Part of the agreement for the Mussalli Family Trust - linked to one of the "fast-food power couples" of NSW, Ronald and Sandra Mussalli - to operate seven McDonald’s restaurants included provisions for upfront payments in order to secure a monthly rent reduction.
Described as pre-paid rent, the payments were worth almost $10.5 million, with the deductions claimed spread over 10 years.
The Federal Court found the trust's upfront payments were of a capital nature, agreeing with the ATO that in the case of each restaurant, the payments secured a more profitable business structure through a reduction in ongoing costs.
The Court said the non-refundable nature of the payments suggested they were not made to secure the right to occupy the premises, but were capital in nature.
In considering the implications of the ruling, Jonathan told reporter Tom McIlroy that, while “the issue of upfront lease payments wasn't new in business, the case served as a timely reminder for all tenants that describing an amount as rent doesn’t automatically make it deductible.”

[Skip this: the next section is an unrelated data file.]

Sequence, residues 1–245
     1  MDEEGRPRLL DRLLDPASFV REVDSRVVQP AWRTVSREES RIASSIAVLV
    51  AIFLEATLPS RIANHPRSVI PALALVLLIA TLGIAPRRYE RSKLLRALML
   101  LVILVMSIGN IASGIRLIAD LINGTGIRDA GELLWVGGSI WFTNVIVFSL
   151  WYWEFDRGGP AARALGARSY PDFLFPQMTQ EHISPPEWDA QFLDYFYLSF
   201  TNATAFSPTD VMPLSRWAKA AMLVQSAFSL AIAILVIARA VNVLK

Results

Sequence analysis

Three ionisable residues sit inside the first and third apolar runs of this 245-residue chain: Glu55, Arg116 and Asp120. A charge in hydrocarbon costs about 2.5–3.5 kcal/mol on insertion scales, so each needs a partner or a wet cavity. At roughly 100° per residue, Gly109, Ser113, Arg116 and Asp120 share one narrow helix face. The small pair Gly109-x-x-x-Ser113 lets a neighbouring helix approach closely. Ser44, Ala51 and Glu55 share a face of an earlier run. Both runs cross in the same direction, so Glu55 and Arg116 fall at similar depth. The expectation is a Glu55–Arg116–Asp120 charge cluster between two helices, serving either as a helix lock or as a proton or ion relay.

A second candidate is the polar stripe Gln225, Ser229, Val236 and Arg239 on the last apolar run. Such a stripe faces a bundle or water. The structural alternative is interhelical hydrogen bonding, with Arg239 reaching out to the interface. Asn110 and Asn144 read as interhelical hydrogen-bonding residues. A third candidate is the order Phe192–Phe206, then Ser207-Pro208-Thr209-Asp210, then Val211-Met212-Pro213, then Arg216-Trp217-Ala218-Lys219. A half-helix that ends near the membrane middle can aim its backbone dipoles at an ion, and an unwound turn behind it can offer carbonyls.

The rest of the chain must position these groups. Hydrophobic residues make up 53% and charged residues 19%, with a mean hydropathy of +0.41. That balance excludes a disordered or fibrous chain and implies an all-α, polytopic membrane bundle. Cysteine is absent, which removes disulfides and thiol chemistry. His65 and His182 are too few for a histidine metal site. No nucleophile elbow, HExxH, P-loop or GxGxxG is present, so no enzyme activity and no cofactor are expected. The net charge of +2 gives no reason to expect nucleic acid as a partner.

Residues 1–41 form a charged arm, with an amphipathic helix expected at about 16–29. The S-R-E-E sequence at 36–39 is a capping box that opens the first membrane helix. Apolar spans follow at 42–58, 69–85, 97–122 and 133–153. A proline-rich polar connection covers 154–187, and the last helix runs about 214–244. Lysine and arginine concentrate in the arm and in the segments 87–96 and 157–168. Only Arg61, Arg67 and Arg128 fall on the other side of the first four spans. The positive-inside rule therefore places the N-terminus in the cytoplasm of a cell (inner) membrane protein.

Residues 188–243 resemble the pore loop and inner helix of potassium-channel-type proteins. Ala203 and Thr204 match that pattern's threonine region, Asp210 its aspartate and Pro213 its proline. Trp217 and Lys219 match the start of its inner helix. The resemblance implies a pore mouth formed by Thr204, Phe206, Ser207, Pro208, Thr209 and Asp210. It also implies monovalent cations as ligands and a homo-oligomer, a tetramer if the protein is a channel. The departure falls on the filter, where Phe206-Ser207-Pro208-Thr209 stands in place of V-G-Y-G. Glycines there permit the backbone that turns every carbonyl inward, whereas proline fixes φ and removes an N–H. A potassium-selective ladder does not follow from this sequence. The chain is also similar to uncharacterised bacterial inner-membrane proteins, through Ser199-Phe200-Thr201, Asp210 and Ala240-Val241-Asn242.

“What is clear yet again from this case, is that the labels the parties choose to attach to a transaction are not determinative." he said.
This decision will clearly require McDonald’s franchisees to consider how they may have treated any upfront payments they have made under similar arrangements. However, for commercial tenants struggling with the impact of COVID-19, their very survival rests not with the rules and regulations of the pre pandemic property world, but in dialogue and negotiation of new contractual arrangements. This decision serves as timely reminder that tenants must be careful when entering into any new arrangement with landlords. While proposed incentive arrangements may seem attractive at first instance, it is of utmost importance that the parties have a clear understanding of the tax implications.
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